For 17 minutes on the morning of Wednesday, March 14, schools across the nation participated in the National School Walkout to support the 17 victims of the Parkland, Florida, shooting and demand STRONGER better gun laws. Hundreds of students and staff employees and parents marched to give attention to legislators about gun-control issues, on how the number of lives have been because of gun violence.
The fear of the occurrence of gun violence across America has been often that the point of asking for gun control is no longer about focusing on the guns themselves. Innocent lives who perished in the violence BECAUSE of them is the main voice as to why we need to be a better law to protect lives from GUNS it. It has gotten to the point that schools have to organize a march to give the lawmakers a wake-up call about what really is happening.
Though the option is for any school levels, certain schools have chosen to not to participate loudly. Not all schools have participated in the movement. High schools participated the most in Long Beach, being the most frequent to be heard about. LBCC has not been vocal about the protest, and universities such as UCLA and Dartmouth have given support to any future or current students that they will not be penalized if they have chosen to demonstrate and have voices heard.
Schools may have policies about the right of students to have the freedom of speech or expression. The event was voluntary though some schools have even taken measure to give consequences if students participated. One can only assume many things that could include the campus’ reputation in line if any students became disruptive while participating. In an extreme case, police can even arrest students if necessary. Safety could also be another reason as to why some chose not to participate. Everyone has the right to believe causes they want to support and the walkout happens to be a tricky one because it involves more than one chain of people. It can have a domino effect on how everyone shares their thoughts and opinions, but it seems that the closer you are to the higher law power, the less people care. The Amendments are the main reason we cannot move forward easily because of the mention of the right to keep and bear arms of the second amendment shall not be infringed. We have eyes on the consequences of supporting natural rights of self-defense, resistance to oppression and defense of our state, and it’s is the death of innocent people nowhere near the line of war and violence.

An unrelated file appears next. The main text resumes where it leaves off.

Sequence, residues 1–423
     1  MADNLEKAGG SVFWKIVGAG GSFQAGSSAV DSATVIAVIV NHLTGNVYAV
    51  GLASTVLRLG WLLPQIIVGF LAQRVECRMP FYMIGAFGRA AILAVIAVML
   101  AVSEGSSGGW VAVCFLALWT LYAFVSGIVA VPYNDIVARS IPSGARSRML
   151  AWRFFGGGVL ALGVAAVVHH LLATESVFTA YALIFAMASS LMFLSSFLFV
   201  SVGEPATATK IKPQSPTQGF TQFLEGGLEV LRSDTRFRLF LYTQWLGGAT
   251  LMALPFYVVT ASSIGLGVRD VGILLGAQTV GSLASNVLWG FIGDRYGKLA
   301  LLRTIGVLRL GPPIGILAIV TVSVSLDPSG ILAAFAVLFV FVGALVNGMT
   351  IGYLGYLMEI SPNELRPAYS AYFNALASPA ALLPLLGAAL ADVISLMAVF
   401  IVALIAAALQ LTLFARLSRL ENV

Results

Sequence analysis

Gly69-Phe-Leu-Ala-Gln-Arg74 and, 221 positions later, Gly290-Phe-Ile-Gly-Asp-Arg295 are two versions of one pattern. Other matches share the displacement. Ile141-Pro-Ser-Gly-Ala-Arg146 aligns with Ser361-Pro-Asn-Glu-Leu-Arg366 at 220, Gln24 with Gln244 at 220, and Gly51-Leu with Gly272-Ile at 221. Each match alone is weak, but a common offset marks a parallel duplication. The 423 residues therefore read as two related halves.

If someone we know comes close to the call of death, we feel deeply affected because that person could’ve meant so much. It could be a sibling, a parent, a best friend or even a neighbor. Gun-violence victims were once one of those titles to someone close to them. Families devastated about the loss of a friend, a son, a daughter, a cousin or even a niece hits close to home. The murders catch the attention of the media everywhere and the cycle begins. We hear a shooting, we hear the names of the victims, the lawmakers give condolences and suggest what to do and unfortunately, another shooting happens. It has been a repetitive situation that children as young as the ones in kindergarten are worrying about how to respond to those violent situations instead of being carefree and in the playground making friends. A single city is not a strong enough voice for what needs to be done.
If we strip away the titles of the protesters and supporters for the walkout, then we can see that they are kids and adults who at the end of the day, have a home to go back to. The violence across the nation has resulted in them not being able to go back to a home that was once meaningful to them after the loss of someone they have held dear in their hearts. Looming fear of instantly losing someone in a place that we thought was once safe is now evident. Enough is enough, but for those who have marched in support for what had to be dealt with in the loss and grief of others, the fight had just begun.